Well, actually it started years earlier. Meza and Schonberg, both alumni of Evergreen State College, met at Olympia, Wash.'s, most notorious club, Le Voyeur, around 2000. Two years later, they formed a band—the almost unclassifiably loaded noise-pop group Thunder! Thunder! Thunder!, which released a single EP and toured the West Coast before breaking up in 2004. Schonberg—who has also drummed with Olympia's Kickball since that band's 2001 inception—met multi-instrumentalist Heather Treadway at Evergreen, in the college's percussion club. "She was a serious member," Schonberg says. "I attended every so often."
It wasn't until 2008 that Meza and Schonberg—who by then had a long history of jamming together and had each relocated to Portland—began serious work on new music. Where their previous collaborations had experimented in foreign time signatures and "mathy" guitar licks, this project was a chance to try something new. "We just threw everything out," Meza says. The duo's first jam sessions were all percussion and vocals, and instead of challenging each other to play more complicated, intricate music, they focused on minimalism—seeing how many sounds they could get out of percussion instruments. "It was really exciting," Schonberg says. "I had never done these simple things before, like sticking my microphone in my bass drum and adding reverb on it. And WHOA!" she motions, signaling the immensity of the sound. The trio breaks into laughter.
As they sit in their Southeast Portland rehearsal space and recount the band's origins, the tightness of their friendship quickly becomes evident. They describe the first sounds they made together with hyperactive phonetics; Meza imitates Schonberg's shyness in practices ("it might be great if you'd maybe pick up the guitar"); and they laugh together over Treadway not knowing the names of her instruments. ("What did you name them?" Schonberg laughs. "Everything I play is called the trambonie," Treadway explains with a straight face to group hysterics.)
The three come from vastly different backgrounds. Schonberg grew up in Staten Island, N.Y., a drum geek from a young age whose parents were patient enough to let her practice long hours in the basement. Treadway, a fashion designer (paperdollfashion.com) who grew up near Seattle, spent years learning—and later teaching—tap dance. Her mother is from South Africa, and Treadway became fascinated with West African music in college. Meza, the Los Angeles-raised daughter of immigrants from Mexico, comes from a musical family and enrolled in one of L.A.'s arts high schools. Her father, a singer-guitarist who's "big on the Seventh-day Adventist circuit," taught her to play guitar and sing with him at a young age. In school she began reading articles about underground bands like Sonic Youth. She didn't have access to the actual music, she says, "so I just imagined what they sounded like."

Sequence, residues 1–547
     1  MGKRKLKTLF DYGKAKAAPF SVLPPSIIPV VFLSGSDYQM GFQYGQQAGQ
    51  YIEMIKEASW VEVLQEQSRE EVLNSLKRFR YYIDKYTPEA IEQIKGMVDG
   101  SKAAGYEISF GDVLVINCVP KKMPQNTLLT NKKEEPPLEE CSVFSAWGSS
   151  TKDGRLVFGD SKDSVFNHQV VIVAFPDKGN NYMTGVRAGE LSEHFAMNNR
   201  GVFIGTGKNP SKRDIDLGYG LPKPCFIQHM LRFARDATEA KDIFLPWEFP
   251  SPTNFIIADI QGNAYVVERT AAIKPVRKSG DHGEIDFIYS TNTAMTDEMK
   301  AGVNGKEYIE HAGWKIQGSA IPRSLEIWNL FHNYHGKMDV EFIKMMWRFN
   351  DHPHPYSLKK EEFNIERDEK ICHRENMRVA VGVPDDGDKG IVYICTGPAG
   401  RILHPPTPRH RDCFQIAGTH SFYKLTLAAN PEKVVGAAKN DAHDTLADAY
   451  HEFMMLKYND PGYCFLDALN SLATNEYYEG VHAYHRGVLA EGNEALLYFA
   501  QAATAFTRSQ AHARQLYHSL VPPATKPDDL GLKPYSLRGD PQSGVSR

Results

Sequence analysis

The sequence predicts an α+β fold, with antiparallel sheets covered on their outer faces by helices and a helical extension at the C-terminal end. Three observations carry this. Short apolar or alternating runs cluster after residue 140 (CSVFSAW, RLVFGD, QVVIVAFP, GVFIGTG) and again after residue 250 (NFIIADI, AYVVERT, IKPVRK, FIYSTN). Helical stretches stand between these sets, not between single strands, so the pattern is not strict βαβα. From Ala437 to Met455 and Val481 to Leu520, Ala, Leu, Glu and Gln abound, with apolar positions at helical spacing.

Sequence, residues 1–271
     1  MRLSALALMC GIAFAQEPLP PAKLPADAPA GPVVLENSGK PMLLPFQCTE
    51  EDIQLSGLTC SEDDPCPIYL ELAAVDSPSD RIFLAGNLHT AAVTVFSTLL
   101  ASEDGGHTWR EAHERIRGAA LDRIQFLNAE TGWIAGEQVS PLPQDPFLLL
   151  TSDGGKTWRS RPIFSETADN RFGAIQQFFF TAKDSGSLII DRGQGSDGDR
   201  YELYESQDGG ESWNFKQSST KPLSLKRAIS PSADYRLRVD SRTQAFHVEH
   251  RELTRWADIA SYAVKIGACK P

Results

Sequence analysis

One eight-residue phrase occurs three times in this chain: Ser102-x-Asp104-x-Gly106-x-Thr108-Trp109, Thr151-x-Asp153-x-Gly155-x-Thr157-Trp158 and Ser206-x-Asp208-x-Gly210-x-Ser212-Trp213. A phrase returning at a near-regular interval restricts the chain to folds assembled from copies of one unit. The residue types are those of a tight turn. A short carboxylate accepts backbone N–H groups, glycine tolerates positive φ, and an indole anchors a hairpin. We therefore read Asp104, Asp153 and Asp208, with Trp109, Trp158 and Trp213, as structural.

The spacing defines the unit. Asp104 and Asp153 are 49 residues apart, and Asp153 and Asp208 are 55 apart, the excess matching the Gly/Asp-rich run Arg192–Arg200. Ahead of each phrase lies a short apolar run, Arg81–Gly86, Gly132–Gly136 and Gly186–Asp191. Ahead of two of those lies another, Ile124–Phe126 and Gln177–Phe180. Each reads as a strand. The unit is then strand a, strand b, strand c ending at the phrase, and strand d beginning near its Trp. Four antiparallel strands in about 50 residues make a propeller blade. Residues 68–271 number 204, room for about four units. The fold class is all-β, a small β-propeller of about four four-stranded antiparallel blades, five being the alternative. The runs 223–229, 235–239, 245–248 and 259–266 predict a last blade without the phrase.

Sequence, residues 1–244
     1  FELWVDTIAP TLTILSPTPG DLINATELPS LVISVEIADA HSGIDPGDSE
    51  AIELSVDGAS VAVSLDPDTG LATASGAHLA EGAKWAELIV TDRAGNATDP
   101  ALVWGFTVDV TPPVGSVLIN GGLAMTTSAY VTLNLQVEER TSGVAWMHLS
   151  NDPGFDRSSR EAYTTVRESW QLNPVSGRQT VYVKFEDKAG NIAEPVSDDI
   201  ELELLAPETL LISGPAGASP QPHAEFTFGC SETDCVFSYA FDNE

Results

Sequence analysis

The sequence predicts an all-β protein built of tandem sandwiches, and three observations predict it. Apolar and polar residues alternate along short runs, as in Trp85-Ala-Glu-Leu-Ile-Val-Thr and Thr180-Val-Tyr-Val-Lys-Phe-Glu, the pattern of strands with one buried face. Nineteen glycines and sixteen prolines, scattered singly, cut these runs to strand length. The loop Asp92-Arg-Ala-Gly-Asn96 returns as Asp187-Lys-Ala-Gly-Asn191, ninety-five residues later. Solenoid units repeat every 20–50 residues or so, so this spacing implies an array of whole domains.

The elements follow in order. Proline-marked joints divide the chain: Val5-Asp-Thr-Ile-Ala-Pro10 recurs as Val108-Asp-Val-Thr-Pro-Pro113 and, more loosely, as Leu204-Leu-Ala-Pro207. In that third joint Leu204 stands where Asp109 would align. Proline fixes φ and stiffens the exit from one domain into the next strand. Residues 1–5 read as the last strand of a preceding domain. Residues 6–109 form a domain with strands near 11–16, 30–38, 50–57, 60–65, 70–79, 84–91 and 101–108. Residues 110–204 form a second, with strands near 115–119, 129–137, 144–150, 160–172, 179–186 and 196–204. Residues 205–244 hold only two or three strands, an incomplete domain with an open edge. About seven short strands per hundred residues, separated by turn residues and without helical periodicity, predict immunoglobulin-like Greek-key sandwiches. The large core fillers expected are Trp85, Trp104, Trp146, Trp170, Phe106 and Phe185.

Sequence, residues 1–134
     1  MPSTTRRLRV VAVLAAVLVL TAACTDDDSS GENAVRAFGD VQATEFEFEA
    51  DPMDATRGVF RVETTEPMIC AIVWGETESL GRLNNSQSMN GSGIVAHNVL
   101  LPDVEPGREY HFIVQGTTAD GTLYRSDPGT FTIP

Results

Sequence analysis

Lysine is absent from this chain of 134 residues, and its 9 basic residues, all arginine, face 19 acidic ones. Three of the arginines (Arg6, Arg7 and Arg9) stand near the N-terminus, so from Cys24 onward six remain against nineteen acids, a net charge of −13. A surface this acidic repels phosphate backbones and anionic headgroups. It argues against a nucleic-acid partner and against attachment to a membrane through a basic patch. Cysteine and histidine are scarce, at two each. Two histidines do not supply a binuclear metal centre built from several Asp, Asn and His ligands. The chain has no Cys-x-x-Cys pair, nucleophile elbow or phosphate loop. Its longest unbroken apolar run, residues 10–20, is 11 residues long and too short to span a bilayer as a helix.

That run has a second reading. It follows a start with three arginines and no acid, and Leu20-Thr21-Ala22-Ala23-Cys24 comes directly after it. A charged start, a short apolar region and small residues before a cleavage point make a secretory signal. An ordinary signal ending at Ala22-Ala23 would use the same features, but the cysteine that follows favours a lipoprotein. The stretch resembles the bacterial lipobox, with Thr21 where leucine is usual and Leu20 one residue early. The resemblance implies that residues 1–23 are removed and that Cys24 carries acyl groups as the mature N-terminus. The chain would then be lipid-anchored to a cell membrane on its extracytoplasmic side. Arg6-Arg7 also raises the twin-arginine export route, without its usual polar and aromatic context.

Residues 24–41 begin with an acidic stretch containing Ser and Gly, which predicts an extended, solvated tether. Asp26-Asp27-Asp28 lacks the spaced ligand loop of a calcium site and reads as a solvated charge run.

Onstage, the trio's varied backgrounds and musical aesthetics meld into one internationally informed barrage of sound. Shared influences include Japan's the Boredoms and seminal NYC funk-hop quartet ESG, but EIC is its own animal. Meza and Schonberg make up a sludge-thick but danceable rhythm section, and Treadway alternates between giving the drums even more kick and providing melodic hooks on her various trambonies.
Portland—a city that has embraced original dance music with open arms over the past few years (see previous Best New Bands notables Starfucker and Copy)—has warmed to Explode Into Colors quickly. It's hard to remember another act that has gained steam so quickly despite a lack of recorded material. But EIC already has a strong local following, separate label deals for three 7-inch records later this year, and a contract with Kill Rock Stars for a full-length release. They've been extensively blogged about, including a glowing report from an NME blogger who called the band "chubby grungey girls," a quip they're quick to laugh off as comically British.